A cave’s lifeline consists of cracks in its ceiling.  Which, when you look at them, make you think about how cracks in ceilings are signs that ceilings are about to fall down upon you.  Which is never a happy thought while you’re in a cave!  Lifeline, then, seems like an ironic name for cracks in a cave’s ceiling.  Still, our tour through the New Hope Cave in the Cherney Maribel County Park didn’t cause me any anxiety about an imminent cave-in.  I wonder if larger caves creep me out more, because it feels more impossible that such enormous rooms could exist underground.  Surely the vast expanse of the ceilings in those caves can’t hold up forever.  Like the mine under the city of Negaunee, Michigan, which is settling or collapsing under one neighborhood.  An iron-mining Chernobyl.  Or maybe my fears are intensified in direct proportion to a cave’s depth.  Wind Cave in Wyoming, which requires an elevator to reach its deepest floor, was a little nerve-racking.  Claustrophobia, I think, makes me more anxious than anything; narrow rock corridors remind me how little it would take to bury me prematurely.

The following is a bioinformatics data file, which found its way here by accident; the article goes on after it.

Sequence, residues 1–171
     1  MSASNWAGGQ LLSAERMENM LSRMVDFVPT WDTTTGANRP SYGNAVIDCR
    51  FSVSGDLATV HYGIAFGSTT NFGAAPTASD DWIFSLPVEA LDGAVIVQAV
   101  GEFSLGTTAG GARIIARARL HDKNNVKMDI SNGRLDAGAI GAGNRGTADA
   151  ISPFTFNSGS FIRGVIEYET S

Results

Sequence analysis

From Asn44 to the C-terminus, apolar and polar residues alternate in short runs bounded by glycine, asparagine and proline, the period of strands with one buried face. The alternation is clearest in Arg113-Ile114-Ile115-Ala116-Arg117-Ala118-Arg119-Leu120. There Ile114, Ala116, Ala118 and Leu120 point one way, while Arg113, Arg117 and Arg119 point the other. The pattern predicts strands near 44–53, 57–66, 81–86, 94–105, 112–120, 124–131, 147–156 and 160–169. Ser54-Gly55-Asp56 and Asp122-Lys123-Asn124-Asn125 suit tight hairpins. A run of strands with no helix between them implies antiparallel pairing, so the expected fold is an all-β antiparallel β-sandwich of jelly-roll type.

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The Mother of All Mushrooms

September 9, 2019


Gotta be honest.  The 1977 margarine commercials in which Mother Nature appeared as a benevolent goddess wearing a fairy godmother gown, daisies in her hair, wandering among friendly animals, served as a visual amen to my already uncritical regard for her.  Even though she called lightning down on the makers of margarine who fooled her into thinking it was butter, that was empty bluster.  A raccoon put his paws over his eyes.  Big deal.  Mother Nature, I still felt, was a winsome life force pervading the planet.  You could lift spaceships out of mud with it.  All this in 1977. 

 A Living Life-Giver

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Question of the Week (of the Summer!)

September 3, 2019


“Is it true that the thorn crown worn by Jesus when he was getting crucified was held at the Notre Dame Cathedral?”

After returning from sabbatical, I found one question in the Question of the Week box.